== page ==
The image captures six dozen ruined automobiles clustered at the edge of a field in irradiated Tomioka, probably tucked away below a bridge. The fragment of tilled land visible there makes for a striking contrast with the abandoned vehicles, overtaken as they are by an unruly host of tangled weeds. One car near the centre of the composition lurks nearly invisible, so utterly has it been consumed by overgrowth. A murky waterway lies nearby, but no people.
Waste is what societies typically wish to hide. Yet unwanted automobiles in Japan rarely meet such a fate. If not deemed saleable and exported to places like Africa and mainland Asia for afterlives as someone else’s everyday ride, Japanese vehicles are aggressively scavenged for parts or recycled. Even though approximately 230,000 cars and trucks were damaged or destroyed by the disasters of 3.11—left by tsunami waters atop multi-story buildings, standing on their noses in rock gardens, or scattered along the coast like misshapen bath toys—most of these have now been processed. It is, by and large, the radiation that still haunts areas of Fukushima that has condemned this odd agglomeration of automobiles to linger in material purgatory, more graveyard than parking lot, never quite reaching a promised future “normal.”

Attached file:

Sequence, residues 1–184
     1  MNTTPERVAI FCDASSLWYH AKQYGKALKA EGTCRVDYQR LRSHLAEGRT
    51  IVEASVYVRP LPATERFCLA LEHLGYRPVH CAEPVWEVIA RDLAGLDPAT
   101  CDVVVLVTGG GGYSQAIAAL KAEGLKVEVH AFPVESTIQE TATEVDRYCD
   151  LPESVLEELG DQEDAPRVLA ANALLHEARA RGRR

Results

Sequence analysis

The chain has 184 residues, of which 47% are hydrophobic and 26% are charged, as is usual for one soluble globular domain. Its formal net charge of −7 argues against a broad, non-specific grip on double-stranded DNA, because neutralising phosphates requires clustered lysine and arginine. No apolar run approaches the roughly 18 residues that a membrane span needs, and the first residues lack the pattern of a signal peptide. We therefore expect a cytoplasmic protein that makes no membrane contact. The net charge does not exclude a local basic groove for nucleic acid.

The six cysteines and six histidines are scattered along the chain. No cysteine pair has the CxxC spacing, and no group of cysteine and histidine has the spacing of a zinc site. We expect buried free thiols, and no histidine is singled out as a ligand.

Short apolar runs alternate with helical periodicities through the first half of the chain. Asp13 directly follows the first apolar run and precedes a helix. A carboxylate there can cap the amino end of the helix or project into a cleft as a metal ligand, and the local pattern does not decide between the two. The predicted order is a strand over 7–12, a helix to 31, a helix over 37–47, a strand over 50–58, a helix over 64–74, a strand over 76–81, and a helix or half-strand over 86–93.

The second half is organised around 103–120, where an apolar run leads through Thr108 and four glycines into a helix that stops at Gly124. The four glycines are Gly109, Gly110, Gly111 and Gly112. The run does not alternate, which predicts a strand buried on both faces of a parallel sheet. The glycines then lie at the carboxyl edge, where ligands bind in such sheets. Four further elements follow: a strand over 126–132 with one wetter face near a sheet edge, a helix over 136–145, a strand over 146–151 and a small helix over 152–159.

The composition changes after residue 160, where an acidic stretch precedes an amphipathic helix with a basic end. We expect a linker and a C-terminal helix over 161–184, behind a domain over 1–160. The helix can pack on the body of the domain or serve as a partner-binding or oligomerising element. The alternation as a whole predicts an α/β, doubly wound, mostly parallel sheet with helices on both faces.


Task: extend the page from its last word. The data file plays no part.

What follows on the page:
Much of the territory in and around the Exclusion Zone has been scraped and strimmed and raked up in order to reduce radiation readings, but much of north Tomioka remains a “Difficult-to-Return Zone,” meaning that communities cannot rebuild their interrupted lives there. Large portions of the zone have been relegated to so-called “natural decay,” meaning that the land is left completely relinquished, with real lives transitioning to half-lives. As the cars are slowly reclaimed by nature, they symbolise the disjunctures caused by radiation as people, and things, remain trapped “betwixt and between.”